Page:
Common Vulnerabilities and Exposures
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The Common Vulnerabilities and Exposures (CVE) system provides a reference-method for publicly known information-security vulnerabilities and exposures. MITRE Corporation maintains the system, with funding from the National Cyber Security Division of the United States Department of Homeland Security. CVE is used by the Security Content Automation Protocol, and CVE IDs are listed on MITRE's system as well as the US National Vulnerability Database.
CVE identifiers 
MITRE Corporation's documentation defines CVE Identifiers (also called "CVE names", "CVE numbers", "CVE-IDs", and "CVEs") as unique, common identifiers for publicly known information security vulnerabilities. CVE identifiers have a status of either "entry" or "candidate". Entry status indicates acceptance of a CVE Identifier into the CVE List, while a status of "candidate" (for "candidates," "candidate numbers," or "CANs") indicates an identifier under review for inclusion in the list.
The same source describes the process of creating a CVE Identifier which:
- begins with the discovery of a potential security vulnerability or exposure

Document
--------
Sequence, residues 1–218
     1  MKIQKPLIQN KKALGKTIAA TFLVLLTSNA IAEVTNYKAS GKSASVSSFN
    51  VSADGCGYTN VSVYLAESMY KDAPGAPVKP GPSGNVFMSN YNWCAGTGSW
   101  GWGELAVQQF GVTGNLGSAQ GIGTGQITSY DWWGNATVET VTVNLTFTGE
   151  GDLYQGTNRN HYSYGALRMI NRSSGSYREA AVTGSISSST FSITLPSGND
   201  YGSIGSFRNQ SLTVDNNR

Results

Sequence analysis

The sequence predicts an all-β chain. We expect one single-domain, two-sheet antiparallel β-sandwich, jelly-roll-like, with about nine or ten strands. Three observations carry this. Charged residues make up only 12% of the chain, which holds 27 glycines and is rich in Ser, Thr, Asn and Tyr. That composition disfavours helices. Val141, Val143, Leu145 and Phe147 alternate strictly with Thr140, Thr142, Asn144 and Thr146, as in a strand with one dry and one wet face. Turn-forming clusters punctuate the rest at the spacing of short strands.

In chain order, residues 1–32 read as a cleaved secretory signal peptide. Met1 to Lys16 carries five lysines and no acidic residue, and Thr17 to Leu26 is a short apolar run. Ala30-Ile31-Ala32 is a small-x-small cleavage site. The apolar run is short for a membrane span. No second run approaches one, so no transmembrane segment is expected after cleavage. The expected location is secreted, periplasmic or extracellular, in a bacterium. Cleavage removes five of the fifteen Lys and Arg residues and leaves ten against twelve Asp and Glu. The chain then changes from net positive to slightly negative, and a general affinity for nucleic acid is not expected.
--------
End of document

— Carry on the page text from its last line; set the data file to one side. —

- adds to this information a (unique) CVE candidate number assigned by a CVE Candidate Numbering Authority (CNA), posted on the CVE Web site, and proposed to the Board by the CVE Editor
The MITRE Corporation functions as Editor and Primary CNA. The CVE Editorial Board (set up by MITRE) discusses the candidate and votes on whether or not it should become a CVE entry. If the Board rejects a candidate, the reason for rejection is noted in the Editorial Board Archives posted on the CVE Web site. If the Board accepts a candidate, its status is updated to "entry" on the CVE List. However, the assignment of a candidate number is not a guarantee that it will become an official CVE entry.
When investigating a vulnerability or potential vulnerability it helps to acquire a CAN number early on. An entry is live once a number is assigned. However until the go-public date is reached, the CAN number's entry will not provide any information. It will instead show a placeholder to indicate that the number is taken. The benefit of early CVE candidacy is that all future correspondence can refer to the CAN/CVE number.
See also 
- "CVE – Common Vulnerabilities and Exposures". MITRE Corporation. 3 July 2007. Retrieved 2009-06-18. "CVE is sponsored by the National Cyber Security Division of the U.S. Department of Homeland Security."
- , CVE.MITRE.org. CVE® International in scope and free for public use, CVE is a dictionary of publicly known information security vulnerabilities and exposures.
- "About CVE Identifiers". MITRE. 2007-07-17. Retrieved 2009-06-18. "CVE Identifiers (also called 'CVE names,' 'CVE numbers,' 'CVE-IDs,' and 'CVEs') are unique, common identifiers for publicly known information security vulnerabilities. CVE identifiers have 'entry' or 'candidate' status. Entry status indicates that the CVE Identifier has been accepted to the CVE List while candidate status (also called 'candidates,' 'candidate numbers,' or 'CANs') indicates that the identifier is under review for inclusion in the list."
- Fogel, Karl (2006). Producing Open Source Software. Sebastopol, CA: O'Reilly. pp. 158, 159. ISBN 0-596-00759-0.